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Meaningful contexts for Peace Education.

Many schools throughout the United States have mandated some form of character education, peace education, or conflict resolution. The Peace Education Network hopes to encourage an exchange of ideas about what schools and teachers are doing that works and doesn't work. An article in The Washington Post (Kalita, 2003) describing a newly adopted Character Education Day at a local high school indicated that the students found the lectures and skits presented that day to have little meaning for them. This column will suggest more effective ways to make such efforts meaningful and will offer practical resources.

What is hot effective? A one-day event that is unconnected to the students' everyday lives. What is effective? An ongoing concern for issues of peace, caring, and conflict resolution, integrated throughout the day and the curriculum, in ways that are age-appropriate and respect students' knowledge and experiences. Rather than being an add-on, peace and caring can be part of the curriculum (Noddings, 1995). Such themes as caring for the environment and addressing hunger and homelessness can be incorporated into the science, social studies, math, and literacy curricula.

In building this approach, teachers need information about available resources. The Internet offers resources and helps us learn from models that are working. In some localities, Peace Centers serve the community and beyond with a variety of programs. Many also provide online resources for those who live elsewhere. Perhaps the most significant message to be gained from these centers is that there is action on behalf of peace education in many places. We have collected a few examples of Peace Centers. Visit the Web sites for models of local programs, lists of resources, and links to other peace organizations. If you are familiar with a Peace Center or programs and resources near you, please let us know so that we may highlight those programs in future columns.

* Worldwide: The American Friends Service Committee carries out service, development, social justice, and peace programs throughout the world. It maintains a video and film lending library with an online catalog of hundreds of videos and films. www.afsc.org

* Connecticut: The Connecticut Center for Peace Education Pax Educare (Hartford, CT) serves community schools, pre-K through higher education, with training in peace and conflict studies, working with local schools and teaching a course, "Making Peace Where I Live," that is part of an international peace education curriculum, www.paxeducare.org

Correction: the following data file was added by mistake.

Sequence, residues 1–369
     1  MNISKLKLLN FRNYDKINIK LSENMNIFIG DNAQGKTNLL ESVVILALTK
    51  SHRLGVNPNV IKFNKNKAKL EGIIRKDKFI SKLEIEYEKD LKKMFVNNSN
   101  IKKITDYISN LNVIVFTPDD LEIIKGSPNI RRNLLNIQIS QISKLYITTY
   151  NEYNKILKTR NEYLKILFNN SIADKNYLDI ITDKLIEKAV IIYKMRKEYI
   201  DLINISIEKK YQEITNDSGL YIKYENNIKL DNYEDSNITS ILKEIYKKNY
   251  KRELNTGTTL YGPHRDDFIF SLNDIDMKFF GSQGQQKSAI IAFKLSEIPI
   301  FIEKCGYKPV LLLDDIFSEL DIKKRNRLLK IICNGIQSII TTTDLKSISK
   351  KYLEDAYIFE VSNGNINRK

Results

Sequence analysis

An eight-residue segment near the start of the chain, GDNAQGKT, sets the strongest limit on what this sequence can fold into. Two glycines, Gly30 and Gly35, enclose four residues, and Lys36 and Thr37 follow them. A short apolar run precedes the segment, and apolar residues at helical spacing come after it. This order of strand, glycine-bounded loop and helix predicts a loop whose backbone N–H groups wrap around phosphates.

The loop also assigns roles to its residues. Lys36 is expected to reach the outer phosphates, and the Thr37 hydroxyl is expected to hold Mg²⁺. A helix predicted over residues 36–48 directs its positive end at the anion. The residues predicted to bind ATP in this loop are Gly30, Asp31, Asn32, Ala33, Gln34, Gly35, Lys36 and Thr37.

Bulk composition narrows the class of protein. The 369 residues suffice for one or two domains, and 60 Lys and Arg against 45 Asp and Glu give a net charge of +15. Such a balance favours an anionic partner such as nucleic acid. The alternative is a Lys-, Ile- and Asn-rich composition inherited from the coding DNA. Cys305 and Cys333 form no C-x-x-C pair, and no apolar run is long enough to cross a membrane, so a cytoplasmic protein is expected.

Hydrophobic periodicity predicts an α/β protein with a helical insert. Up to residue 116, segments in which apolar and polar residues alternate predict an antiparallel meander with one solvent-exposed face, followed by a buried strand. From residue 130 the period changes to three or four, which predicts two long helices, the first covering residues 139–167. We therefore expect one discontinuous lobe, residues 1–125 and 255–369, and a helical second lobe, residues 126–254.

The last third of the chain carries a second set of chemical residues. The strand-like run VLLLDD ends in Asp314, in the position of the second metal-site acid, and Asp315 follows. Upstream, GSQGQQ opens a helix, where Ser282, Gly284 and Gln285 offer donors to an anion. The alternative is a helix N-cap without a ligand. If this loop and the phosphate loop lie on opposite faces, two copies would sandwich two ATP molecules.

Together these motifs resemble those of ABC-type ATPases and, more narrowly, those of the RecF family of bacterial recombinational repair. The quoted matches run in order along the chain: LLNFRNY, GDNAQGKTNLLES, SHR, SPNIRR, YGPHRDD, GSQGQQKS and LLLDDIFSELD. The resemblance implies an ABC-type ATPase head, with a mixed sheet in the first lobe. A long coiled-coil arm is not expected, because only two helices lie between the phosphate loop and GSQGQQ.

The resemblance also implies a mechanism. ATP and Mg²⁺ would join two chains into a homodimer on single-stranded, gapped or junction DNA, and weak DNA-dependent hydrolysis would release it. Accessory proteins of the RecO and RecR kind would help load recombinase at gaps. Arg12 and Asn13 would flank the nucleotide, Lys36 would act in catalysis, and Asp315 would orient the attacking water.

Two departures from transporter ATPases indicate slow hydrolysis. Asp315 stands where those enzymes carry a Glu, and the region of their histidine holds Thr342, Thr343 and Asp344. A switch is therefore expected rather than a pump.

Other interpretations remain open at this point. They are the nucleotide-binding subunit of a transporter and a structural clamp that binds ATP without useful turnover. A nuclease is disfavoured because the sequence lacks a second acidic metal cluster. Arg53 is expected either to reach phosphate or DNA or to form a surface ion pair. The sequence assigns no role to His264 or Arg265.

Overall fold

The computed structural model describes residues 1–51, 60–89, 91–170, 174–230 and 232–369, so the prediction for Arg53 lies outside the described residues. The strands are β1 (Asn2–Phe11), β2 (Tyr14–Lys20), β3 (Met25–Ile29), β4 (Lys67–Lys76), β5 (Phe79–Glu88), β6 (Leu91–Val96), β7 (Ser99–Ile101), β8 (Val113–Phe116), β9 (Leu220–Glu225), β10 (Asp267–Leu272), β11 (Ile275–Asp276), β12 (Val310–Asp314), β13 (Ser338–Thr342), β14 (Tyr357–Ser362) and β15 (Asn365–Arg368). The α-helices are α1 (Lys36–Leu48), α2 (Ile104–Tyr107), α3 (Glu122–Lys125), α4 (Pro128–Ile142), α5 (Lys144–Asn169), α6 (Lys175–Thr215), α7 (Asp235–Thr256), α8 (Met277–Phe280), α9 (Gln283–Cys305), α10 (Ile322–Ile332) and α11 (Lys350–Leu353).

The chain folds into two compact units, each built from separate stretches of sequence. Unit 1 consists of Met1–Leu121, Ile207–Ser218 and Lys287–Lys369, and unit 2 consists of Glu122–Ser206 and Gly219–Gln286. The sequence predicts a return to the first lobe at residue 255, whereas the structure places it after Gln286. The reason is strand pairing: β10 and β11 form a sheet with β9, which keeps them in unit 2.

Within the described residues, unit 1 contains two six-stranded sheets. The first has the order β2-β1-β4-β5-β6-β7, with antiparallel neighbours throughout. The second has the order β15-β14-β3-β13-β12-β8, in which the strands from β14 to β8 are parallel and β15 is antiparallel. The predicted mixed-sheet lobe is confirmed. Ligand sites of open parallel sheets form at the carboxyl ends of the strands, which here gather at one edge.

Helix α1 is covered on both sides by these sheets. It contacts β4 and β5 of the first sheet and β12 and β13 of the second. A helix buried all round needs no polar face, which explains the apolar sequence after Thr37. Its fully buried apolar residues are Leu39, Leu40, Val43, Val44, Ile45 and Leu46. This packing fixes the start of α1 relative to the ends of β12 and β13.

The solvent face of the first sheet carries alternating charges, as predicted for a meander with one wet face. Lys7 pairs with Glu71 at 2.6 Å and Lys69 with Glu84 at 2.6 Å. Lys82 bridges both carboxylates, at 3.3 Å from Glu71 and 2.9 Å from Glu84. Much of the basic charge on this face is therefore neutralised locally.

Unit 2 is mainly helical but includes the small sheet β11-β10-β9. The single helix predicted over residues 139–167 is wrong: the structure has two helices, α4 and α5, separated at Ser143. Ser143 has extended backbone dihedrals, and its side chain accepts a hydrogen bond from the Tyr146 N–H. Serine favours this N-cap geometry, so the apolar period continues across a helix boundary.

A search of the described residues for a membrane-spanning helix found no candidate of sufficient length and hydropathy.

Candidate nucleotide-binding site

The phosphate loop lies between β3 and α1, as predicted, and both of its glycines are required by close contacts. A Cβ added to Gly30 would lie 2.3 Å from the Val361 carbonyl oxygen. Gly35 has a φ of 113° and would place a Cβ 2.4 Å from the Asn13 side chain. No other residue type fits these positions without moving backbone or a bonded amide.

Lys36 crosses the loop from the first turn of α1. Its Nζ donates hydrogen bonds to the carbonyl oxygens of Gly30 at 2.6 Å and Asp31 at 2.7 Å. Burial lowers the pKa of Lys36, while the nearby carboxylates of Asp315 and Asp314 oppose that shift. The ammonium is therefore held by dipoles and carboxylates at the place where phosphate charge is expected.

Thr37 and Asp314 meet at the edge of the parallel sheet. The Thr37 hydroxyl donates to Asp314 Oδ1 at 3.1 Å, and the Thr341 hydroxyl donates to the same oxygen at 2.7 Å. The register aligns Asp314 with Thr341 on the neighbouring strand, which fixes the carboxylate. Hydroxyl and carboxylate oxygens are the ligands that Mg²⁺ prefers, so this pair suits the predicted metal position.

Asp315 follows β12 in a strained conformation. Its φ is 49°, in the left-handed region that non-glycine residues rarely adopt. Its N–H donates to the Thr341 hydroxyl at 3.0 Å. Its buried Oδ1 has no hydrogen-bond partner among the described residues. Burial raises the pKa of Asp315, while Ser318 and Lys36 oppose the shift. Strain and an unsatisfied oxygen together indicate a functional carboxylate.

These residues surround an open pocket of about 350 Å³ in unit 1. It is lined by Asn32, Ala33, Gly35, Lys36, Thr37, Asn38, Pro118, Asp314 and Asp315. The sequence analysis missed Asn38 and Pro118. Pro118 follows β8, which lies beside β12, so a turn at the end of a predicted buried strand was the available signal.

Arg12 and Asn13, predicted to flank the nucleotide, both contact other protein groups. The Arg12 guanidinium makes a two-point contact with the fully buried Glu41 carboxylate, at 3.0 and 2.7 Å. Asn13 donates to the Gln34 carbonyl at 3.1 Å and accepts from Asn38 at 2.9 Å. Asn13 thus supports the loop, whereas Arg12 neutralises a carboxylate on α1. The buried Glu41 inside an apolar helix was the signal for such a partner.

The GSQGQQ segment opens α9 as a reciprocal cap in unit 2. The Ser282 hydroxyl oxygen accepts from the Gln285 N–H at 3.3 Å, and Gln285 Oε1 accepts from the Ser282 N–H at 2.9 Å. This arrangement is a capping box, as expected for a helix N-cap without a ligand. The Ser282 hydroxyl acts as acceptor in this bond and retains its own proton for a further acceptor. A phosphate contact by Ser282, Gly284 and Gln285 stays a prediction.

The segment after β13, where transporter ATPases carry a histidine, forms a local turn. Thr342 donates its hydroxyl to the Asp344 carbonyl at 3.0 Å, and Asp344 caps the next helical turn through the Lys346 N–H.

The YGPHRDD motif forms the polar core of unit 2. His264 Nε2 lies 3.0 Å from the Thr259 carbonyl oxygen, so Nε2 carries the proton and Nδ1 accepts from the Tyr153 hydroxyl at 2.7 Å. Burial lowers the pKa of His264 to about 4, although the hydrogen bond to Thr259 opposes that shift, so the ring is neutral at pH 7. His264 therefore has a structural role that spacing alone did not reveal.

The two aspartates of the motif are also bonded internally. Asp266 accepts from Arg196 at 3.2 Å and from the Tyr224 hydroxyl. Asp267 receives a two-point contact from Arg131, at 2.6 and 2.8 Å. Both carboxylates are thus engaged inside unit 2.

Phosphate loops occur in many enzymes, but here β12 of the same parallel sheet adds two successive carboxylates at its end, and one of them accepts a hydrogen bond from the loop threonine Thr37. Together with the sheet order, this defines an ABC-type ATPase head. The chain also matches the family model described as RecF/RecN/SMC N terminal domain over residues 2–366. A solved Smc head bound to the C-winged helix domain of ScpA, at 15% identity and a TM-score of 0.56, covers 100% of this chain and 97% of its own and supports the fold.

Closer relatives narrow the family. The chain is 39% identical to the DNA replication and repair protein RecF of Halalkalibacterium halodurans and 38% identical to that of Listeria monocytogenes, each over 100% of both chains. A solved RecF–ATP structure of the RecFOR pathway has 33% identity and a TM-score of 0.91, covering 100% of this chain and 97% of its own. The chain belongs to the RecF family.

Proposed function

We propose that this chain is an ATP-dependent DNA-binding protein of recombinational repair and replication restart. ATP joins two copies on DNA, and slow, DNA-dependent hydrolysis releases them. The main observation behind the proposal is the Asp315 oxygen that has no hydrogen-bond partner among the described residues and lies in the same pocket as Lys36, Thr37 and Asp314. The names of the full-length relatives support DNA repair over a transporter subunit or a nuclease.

* Pennsylvania: Bucks County Peace Center (Langhorne, PA) serves local communities and schools with a program of training in conflict resolution and peace education. The Center is supported by United Way of Bucks County and an active Quaker community. It offers a Project Peace for Schools, which fosters "peace education and violence prevention for administrators, educators and support staff, students, and parents with continued follow-up and support over a three-year period." www.comcast.com/~peace/index.html

* Virginia: Richmond Peace Education Center carries out peace education and violence prevention in area schooLs, www.rpec.org

* Ohio: Cincinnati Center for Peace Education offers programs in area schools "to resolve conflicts constructively" with a Peace Team model for children and an annual Peace Camp. www.cincinnati-peace.org

* Ohio: The Lion and the Lamb Peace Arts Center of Bluffton College, in existence since 1987, has collected more than 5,000 children's books on peace-related and multicultural topics; it also houses a fine arts collection, www.bluffton.edu/lionlamb

* Ohio: The Wilmington College Peace Resource Center offers rentals of peace-related films and videos. It also has a Hiroshima/Nagasaki Memorial Collection and holds the annual Westheimer Peace Symposium. www.wilmington.edu/manilla/peace/home.html

* Texas: Dallas Peace Center is a local model with an annual Peace Camp for children and a Peace Library. www.dallaspeacecenter.org

References

Kalita, S.M. (2003, October 22). At school, the issue is character. The Washington Post, p. B08.

Noddings, N. (1005). Teaching themes of care. Phi Delta Kappan, 76, 675-679.

Edyth Wheeler, Towson University, wheeler@towson.edu

Aline Stomfay-Stitz, University of North Florida, astomfay@unf.edu
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Title Annotation:Peace Education Network
Author:Stomfay-Stitz, Aline
Publication:Childhood Education
Geographic Code:1USA
Date:Mar 22, 2004
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